In 1969 he demands a ransom of $1 million (=10^6), and again;
 In 1997 he demands a ransom of $100 billion (=10^11).
If Dr. Evil's demands are equivalent in real terms, in other words $1 million will buy the same basket of goods in 1969 as $100 billion would in 1997, what was the implied inflation rate over the 28 years from 1969 to 1997?
The answer choices below are given as effective annual rates:
Which firms tend to have low forwardlooking priceearnings (PE) ratios? Only consider firms with positive PE ratios.
Below are some statements about loans and bonds. The first descriptive sentence is correct. But one of the second sentences about the loans' or bonds' prices is not correct. Which statement is NOT correct? Assume that interest rates are positive.
Note that coupons or interest payments are the periodic payments made throughout a bond or loan's life. The face or par value of a bond or loan is the amount paid at the end when the debt matures.
In Australia in the 1980's, inflation was around 8% pa, and residential mortgage loan interest rates were around 14%.
In 2013, inflation was around 2.5% pa, and residential mortgage loan interest rates were around 4.5%.
If a person can afford constant mortgage loan payments of $2,000 per month, how much more can they borrow when interest rates are 4.5% pa compared with 14.0% pa?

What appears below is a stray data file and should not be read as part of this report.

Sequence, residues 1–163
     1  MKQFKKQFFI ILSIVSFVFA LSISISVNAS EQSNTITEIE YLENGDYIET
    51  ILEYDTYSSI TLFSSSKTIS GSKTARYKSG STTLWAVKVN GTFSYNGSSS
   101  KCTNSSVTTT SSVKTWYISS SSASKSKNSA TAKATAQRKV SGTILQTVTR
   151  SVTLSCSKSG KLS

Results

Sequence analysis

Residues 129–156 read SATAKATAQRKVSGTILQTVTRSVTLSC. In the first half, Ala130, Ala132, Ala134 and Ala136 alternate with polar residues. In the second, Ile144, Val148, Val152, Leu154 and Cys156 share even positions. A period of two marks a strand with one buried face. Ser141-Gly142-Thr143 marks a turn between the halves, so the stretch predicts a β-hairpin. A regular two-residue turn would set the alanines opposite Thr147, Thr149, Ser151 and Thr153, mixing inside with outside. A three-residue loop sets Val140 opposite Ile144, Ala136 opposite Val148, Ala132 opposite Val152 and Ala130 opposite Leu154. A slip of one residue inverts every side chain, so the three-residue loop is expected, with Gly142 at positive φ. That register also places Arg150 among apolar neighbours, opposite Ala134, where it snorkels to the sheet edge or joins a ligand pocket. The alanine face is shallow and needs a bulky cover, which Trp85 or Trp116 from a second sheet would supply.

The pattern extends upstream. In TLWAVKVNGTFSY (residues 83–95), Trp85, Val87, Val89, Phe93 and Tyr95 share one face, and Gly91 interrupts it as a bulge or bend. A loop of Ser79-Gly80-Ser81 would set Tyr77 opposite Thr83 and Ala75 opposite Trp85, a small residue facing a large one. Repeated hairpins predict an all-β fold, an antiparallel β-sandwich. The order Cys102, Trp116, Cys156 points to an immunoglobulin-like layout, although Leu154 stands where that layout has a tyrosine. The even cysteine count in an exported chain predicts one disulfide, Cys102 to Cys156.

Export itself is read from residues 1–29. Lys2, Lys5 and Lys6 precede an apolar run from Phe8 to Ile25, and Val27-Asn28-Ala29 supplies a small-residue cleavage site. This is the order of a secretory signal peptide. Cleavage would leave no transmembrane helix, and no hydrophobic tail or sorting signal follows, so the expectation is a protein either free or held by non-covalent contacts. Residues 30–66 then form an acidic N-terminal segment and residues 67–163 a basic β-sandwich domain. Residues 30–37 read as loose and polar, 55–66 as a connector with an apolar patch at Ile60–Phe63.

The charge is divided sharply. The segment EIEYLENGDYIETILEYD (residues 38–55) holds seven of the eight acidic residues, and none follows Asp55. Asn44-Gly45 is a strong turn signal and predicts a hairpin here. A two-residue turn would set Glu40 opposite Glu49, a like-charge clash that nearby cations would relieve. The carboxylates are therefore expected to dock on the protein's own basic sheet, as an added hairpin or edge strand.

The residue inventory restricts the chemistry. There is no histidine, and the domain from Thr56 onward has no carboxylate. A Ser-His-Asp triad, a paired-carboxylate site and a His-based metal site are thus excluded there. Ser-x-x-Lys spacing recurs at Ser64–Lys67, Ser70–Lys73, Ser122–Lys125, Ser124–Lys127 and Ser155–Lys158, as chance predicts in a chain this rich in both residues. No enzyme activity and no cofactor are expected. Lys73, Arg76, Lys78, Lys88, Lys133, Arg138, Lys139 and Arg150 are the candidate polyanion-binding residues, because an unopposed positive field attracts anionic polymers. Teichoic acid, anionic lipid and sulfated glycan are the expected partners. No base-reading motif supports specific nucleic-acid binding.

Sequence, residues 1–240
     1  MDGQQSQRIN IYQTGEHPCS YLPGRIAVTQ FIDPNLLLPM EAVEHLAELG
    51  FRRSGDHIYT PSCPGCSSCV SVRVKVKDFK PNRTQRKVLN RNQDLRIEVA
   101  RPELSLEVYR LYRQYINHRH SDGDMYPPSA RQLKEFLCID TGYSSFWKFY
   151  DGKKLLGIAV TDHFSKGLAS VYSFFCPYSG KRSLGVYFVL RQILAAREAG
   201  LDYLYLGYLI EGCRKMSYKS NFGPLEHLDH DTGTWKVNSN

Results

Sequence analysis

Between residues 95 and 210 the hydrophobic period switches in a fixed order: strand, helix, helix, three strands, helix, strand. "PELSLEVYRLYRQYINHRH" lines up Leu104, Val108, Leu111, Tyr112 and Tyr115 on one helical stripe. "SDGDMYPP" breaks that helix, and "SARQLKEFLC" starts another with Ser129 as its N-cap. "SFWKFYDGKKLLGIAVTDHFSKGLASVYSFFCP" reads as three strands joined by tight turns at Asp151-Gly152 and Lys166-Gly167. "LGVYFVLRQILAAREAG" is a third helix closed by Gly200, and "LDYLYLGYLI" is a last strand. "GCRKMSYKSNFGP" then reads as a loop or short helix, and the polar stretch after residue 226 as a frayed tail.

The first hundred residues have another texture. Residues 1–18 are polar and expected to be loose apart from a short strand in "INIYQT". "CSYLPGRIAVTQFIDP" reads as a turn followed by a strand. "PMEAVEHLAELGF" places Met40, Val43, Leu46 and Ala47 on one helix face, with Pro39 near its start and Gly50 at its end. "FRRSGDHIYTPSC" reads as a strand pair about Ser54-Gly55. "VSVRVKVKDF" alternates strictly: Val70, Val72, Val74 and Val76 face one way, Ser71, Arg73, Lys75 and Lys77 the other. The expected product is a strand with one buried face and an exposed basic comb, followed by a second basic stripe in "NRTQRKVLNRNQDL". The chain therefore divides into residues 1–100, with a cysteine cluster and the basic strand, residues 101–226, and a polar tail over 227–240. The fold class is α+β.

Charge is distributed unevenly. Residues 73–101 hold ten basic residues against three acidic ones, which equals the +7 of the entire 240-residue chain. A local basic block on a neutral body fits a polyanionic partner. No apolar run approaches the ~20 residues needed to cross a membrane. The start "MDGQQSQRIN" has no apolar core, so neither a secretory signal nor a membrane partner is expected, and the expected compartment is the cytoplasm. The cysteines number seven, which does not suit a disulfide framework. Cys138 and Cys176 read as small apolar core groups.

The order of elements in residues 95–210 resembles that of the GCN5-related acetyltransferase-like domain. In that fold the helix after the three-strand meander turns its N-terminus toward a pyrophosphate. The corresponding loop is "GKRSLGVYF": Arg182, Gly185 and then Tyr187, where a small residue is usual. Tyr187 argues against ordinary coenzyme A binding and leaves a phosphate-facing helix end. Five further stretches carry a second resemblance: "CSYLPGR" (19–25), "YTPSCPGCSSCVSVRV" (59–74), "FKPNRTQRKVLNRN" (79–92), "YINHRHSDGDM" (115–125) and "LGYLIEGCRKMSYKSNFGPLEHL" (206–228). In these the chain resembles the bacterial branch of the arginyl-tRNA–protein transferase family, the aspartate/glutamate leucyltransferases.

Give your answer as a proportional increase over the amount you could borrow when interest rates were high ##(V_\text{high rates})##, so:
###\text{Proportional increase} = \dfrac{V_\text{low rates}V_\text{high rates}}{V_\text{high rates}} ###
Assume that:
 Interest rates are expected to be constant over the life of the loan.
 Loans are interestonly and have a life of 30 years.
 Mortgage loan payments are made every month in arrears and all interest rates are given as annualised percentage rates (APR's) compounding per month.
Question 461 book and market values, ROE, ROA, market efficiency
One year ago a pharmaceutical firm floated by selling its 1 million shares for $100 each. Its book and market values of equity were both $100m. Its debt totalled $50m. The required return on the firm's assets was 15%, equity 20% and debt 5% pa.
In the year since then, the firm:
 Earned net income of $29m.
 Paid dividends totaling $10m.
 Discovered a valuable new drug that will lead to a massive 1,000 times increase in the firm's net income in 10 years after the research is commercialised. News of the discovery was publicly announced. The firm's systematic risk remains unchanged.
Which of the following statements is NOT correct? All statements are about current figures, not figures one year ago.
Hint: Book return on assets (ROA) and book return on equity (ROE) are ratios that accountants like to use to measure a business's past performance.
###\text{ROA}= \dfrac{\text{Net income}}{\text{Book value of assets}}###
###\text{ROE}= \dfrac{\text{Net income}}{\text{Book value of equity}}###
The required return on assets ##r_V## is a return that financiers like to use to estimate a business's future required performance which compensates them for the firm's assets' risks. If the business were to achieve realised historical returns equal to its required returns, then investment into the business's assets would have been a zeroNPV decision, which is neither good nor bad but fair.